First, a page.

Saved by the Bell, Brno
In Brno, there’s a reason why the cathedral bells announce the noon an hour early. Back in the 17th century, when virtually all of Europe was embroiled in the Thirty Years’ War, an invading Swedish army swept across the lands of the Czech Crown. Olomouc, the historical capital of Moravia, was occupied and left in ruins; Prague would eventually fall in 1648.
But there was one city that managed to defend itself against the unstoppable Swedes. For four months the citizens of Brno held out behind their protective walls, defying the invading forces until the 15th of August, 1645. Frustrated by the lack of progress, the Swedish commanders decided to end the siege if the city was not taken by midday. But on that August morning it was a clever, quick-witted alderman who would have the final word. At precisely 11 o’clock the noon bells tolled from every one of Brno’s churches, tricking the Swedes into pulling out just as headway was being made.
Brno, it seems, is a city of creative thinkers. At the Old Town Hall five pinnacles adorn the portal of the clock tower, but the highest is twisted and bent like an octopus tentacle, the mark of a stonemason dissatisfied with his wages. Then there’s Gregor Mendel, who jumpstarted modern genetics with his pea plant experiments at the Abbey of St. Thomas.
But while everyone who comes to the Czech Republic finds themselves pulled towards Prague, Brno is a welcome surprise and a boon for those longing to escape the maddening crowds. Compact, welcoming, and undeniably beautiful, it reminds me of a miniature version of Vienna.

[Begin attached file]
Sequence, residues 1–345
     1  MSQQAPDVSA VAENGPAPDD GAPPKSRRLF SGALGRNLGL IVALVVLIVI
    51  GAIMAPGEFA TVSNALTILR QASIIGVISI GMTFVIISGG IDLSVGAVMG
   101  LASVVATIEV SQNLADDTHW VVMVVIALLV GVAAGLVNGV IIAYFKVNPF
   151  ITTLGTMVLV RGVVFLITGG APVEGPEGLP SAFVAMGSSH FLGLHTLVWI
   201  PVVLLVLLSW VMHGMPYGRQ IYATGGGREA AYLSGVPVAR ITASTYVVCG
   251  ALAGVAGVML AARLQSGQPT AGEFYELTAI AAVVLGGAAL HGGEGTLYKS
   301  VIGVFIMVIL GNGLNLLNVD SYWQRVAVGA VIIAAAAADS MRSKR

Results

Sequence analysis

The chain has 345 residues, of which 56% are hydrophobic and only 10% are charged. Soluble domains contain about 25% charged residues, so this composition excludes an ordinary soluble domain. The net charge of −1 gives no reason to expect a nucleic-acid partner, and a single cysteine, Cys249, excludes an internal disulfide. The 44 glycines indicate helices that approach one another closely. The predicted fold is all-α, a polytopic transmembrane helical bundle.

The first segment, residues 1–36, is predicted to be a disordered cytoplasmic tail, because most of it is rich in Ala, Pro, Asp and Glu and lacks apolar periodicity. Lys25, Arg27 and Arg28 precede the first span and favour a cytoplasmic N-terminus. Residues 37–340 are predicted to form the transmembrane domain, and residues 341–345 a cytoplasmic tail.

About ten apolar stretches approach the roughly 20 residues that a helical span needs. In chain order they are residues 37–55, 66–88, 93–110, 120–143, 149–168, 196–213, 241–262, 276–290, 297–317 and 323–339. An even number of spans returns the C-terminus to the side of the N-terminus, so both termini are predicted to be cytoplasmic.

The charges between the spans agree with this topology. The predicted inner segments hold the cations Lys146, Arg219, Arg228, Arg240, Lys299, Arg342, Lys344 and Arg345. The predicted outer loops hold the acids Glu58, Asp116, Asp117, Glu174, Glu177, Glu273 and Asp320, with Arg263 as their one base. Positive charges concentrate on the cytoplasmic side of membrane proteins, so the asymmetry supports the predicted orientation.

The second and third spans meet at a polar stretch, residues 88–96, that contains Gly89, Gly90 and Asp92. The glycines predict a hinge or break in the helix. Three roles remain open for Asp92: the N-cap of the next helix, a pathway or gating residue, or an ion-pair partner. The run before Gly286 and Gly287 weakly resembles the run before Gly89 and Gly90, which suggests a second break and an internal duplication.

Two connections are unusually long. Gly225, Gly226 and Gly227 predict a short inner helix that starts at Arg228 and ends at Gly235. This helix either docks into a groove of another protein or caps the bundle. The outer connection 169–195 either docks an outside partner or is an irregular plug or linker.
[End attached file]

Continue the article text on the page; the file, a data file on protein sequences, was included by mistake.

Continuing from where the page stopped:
At Náměstí Svobody – Freedom Square – audacious green glass panels jostle with elegant pastel-coloured façades. Under a sky crisscrossed with tram cables the náměstí is graced by Brno’s very own pestsäule, a decorative column celebrating the end of a plague. Nearby the dreamlike Parnassus Fountain takes pride of place in Zelný trh, traditional site of the city’s vegetable market.
On the way to lunch we stroll past Mahen Theatre, where the low winter sun sparkles off a trio of French windows. Its neoclassical lines mirror the grand venues along the Viennese Ringstrasse, concealing a technical system that was groundbreaking for its time. When it was built in 1881, the Mahen became one of the world’s first public buildings to be lit entirely with electric light. That same year a devastating fire destroyed the Ringtheater in Vienna, prompting the builders to change their plans and forgo gas lighting in favour of Edison’s new invention. It’s the kind of ingenuity you’d expect from Brno; after all, they did fool an entire Swedish army.